Family

Family

Venezuela in Crisis: the Plight of Venezuelan Refugees
While US public and media attention has been focused on  Central American families fleeing violence in the Northern Triangle states, a crisis of larger proportions has been unfolding farther south. Since 2015, more than 1.6 million Venezuelans have left their...

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Meeting the Needs of Women and Girl Migrants and Refugees in the Comprehensive Refugee Response Framework: The Unique Role of Faith-Based Organizations
This paper illustrates the unique role of faith-based organizations (FBOs) in supporting vulnerable women and girl migrants and refugees and provides frameworks for FBOs in taking action. First, it outlines the major challenges that women and girl migrants and refugees face in their countries of origin as well as in transit, reception, and destination countries. Then, it argues that FBOs can play a unique and vital role in supporting vulnerable women and girl migrants and refugees due to their fluidity among stakeholders, their ability to distance themselves from the power dynamics of humanitarian aid, and their long-term and grounded presence. It provides the following approaches for FBOs in supporting vulnerable women and girl migrants and refugees: 1) addressing root causes through their presence in countries of origin, 2) opening the hearts and minds of people in host communities, 3) using the moral authority of faith leadership to subvert gender paradigms and make women and girls leaders and teachers.

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Protecting Families and Facilitating Their Integration
“Our shared response may be articulated by four verbs: welcoming, protecting, promoting and integrating migrants and refugees.” – Pope Francis I, August 2017 Who Are the Migrants? Where Do They Come From? Where Are They Going? Individuals and families around...

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From IIRIRA to Trump: Connecting the Dots to the Current US Immigration Policy Crisis
This paper examines the effects of the Illegal Immigration Reform and Immigrant Responsibility Act of 1996 (IIRIRA). It traces the evolution of US immigration law and policy from IIRIRA’s implementation, to recent measures that seek to diminish legal immigration, restrict access to the US asylum system, reduce due process protections for non-citizens in removal proceedings, criminalize immigration violations, and expand the role of states and localities in immigration enforcement. The paper draws from a collection of papers published in the Journal on Migration and Human Security on IIRIRA’s multi-faceted consequences, as well as extensive legal analysis of IIRIRA and the current administration’s immigration agenda.

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The Separation of Immigrant Families: Historical Anecdotes

the separation of families has been a problem within the US immigration system for many years. This post highlights some of the stories preserved in the National Catholic Welfare Conference (NCWC) Bureau of Immigration Records in the CMS archive when family separation was in the headlines and enforcement of immigration laws was seen as protecting American jobs.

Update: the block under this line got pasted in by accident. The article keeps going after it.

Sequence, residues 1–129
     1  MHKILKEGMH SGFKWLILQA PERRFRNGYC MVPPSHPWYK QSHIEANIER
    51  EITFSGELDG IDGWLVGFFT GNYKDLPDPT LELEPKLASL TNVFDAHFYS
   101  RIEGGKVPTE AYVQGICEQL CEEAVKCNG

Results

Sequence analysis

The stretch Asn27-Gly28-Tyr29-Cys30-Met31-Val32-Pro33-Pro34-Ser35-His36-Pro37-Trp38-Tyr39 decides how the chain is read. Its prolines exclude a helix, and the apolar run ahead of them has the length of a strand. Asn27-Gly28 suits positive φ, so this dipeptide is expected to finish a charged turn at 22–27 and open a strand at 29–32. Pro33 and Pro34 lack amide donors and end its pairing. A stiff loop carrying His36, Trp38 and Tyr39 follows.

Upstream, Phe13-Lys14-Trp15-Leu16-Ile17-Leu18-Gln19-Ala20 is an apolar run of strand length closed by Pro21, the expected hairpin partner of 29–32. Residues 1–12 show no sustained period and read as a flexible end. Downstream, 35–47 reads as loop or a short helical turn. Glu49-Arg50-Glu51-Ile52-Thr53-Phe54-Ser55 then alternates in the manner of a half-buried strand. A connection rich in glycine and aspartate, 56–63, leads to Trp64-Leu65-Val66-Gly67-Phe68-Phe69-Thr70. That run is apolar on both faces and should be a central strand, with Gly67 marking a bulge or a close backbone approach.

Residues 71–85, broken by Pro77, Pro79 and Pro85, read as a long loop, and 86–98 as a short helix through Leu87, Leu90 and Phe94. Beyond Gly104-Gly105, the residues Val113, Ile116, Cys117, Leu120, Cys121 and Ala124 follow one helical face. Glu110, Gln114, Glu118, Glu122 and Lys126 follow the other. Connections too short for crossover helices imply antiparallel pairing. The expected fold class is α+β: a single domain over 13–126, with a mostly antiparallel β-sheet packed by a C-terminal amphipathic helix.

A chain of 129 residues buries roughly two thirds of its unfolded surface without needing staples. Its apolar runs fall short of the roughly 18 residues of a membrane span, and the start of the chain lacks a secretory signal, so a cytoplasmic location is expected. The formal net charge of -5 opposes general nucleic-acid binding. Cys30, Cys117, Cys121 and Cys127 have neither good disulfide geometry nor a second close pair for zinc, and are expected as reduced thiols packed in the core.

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CMSOnAir | His Eminence Joseph William Cardinal Tobin
This episode features a conversation with His Eminence Joseph William Cardinal Tobin, Archbishop of the Archdiocese of Newark, New Jersey. In this interview with CMS’s Executive Director, Donald Kerwin, Cardinal Tobin discusses Catholic teaching on migrants and refugees, developments in immigration and refugee policy, ideological polarization surrounding immigration in the United States, the provision of sanctuary to migrants, and how faith communities can become more involved on immigration issues.

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Return Migration: A Conceptual and Policy Framework

This paper on return migration is the first in a series from the Scalabrini Migration Study Centers, a worldwide network of think-tanks on international migration, on different migration issues and policy ideas that should inform the development and implementation of the Global Compact for Safe, Orderly, and Regular Migration. This paper is authored by Graziano Batistella, c.s., who directs the Scalabrini Migration Center in the Philippines. It offers a conceptual framework for analyzing return migration and developing appropriate policies in response. It identifies a continuum of types of return based on the time of return and the decision to return. These are: “return of achievement,” “return of completion,” “return of setback,”  and “return of crisis (forced return).”  The paper recommends particular policies – which would benefit migrants and their communities of origin – in response to each of these types of return. It urges that the Global Compact for Safe, Orderly, and Regular Migration and the Global Compact for Refugees not treat return as “an act that simply concludes migration,” but one that requires effective policies to protect and ensure the well-being of migrants, to facilitate their reintegration, and to maximize their contributions.

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